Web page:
Canal of Overschie, 1905, Paul Signac, [23-12-42]
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Paul Victor Jules Signac was a French Neo-Impressionist painter who, working with Georges Seurat, helped develop the Pointillist style.
Paul Signac was born in Paris on 11 November 1863. He followed a course of training in architecture before deciding at the age of 18 to pursue a career as a painter after attending an exhibit of Monet’s work. He sailed around the coasts of Europe, painting the landscapes he encountered. He also painted a series of watercolors of French harbor cities in later years.
In 1884 he met Claude Monet and Georges Seurat. He was struck by the systematic working methods of Seurat and by his theory of colors and became Seurat’s faithful supporter, friend and heir with his description of Neo-Impressionism and Divisionism method. Under Seurat’s influence he abandoned the short brushstrokes of Impressionism to experiment with scientifically juxtaposed small dots of pure color, intended to combine and blend not on the canvas but in the viewer’s eye, the defining feature of Pointillism. Many of Signac’s paintings are of the French coast. He loved to paint the water.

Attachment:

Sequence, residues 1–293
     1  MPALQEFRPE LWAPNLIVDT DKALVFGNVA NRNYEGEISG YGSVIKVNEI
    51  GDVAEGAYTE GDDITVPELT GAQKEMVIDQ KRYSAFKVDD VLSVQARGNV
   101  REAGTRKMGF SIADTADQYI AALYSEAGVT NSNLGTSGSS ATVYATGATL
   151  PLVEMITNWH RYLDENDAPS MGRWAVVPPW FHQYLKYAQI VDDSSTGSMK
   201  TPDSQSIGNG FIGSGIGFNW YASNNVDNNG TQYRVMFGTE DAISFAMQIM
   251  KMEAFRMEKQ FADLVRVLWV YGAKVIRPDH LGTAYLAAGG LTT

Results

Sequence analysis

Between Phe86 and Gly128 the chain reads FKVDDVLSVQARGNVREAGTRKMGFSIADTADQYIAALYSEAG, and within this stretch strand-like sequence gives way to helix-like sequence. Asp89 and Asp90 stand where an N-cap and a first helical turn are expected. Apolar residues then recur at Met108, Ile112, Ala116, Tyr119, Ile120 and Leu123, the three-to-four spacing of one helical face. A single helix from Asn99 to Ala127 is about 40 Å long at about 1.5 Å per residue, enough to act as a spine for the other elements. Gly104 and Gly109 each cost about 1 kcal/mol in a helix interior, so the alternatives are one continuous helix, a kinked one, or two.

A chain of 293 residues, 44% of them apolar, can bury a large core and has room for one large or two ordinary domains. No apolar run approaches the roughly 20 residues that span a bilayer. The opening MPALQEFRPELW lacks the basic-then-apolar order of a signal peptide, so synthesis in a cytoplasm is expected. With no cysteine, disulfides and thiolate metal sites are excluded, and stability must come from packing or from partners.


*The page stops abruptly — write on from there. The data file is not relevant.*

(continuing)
Signac loved sailing and began to travel in 1892, sailing a small boat to almost all the ports of France, to the Netherlands, and around the Mediterranean as far as Constantinople, basing his boat at St. Tropez, which he “discovered”. From his various ports of call, Signac brought back vibrant, colorful watercolors, sketched rapidly from nature. From these sketches, he painted large studio canvases that are carefully worked out in small, mosaic-like squares of color, quite different from the tiny, variegated dots previously used by Seurat.
Signac himself experimented with various media. As well as oil paintings and watercolors he made etchings, lithographs, and many pen-and-ink sketches composed of small, laborious dots. The Neo-Impressionists influenced the next generation: Signac inspired Henri Matisse and André Derain in particular, thus playing a decisive role in the evolution of Fauvism.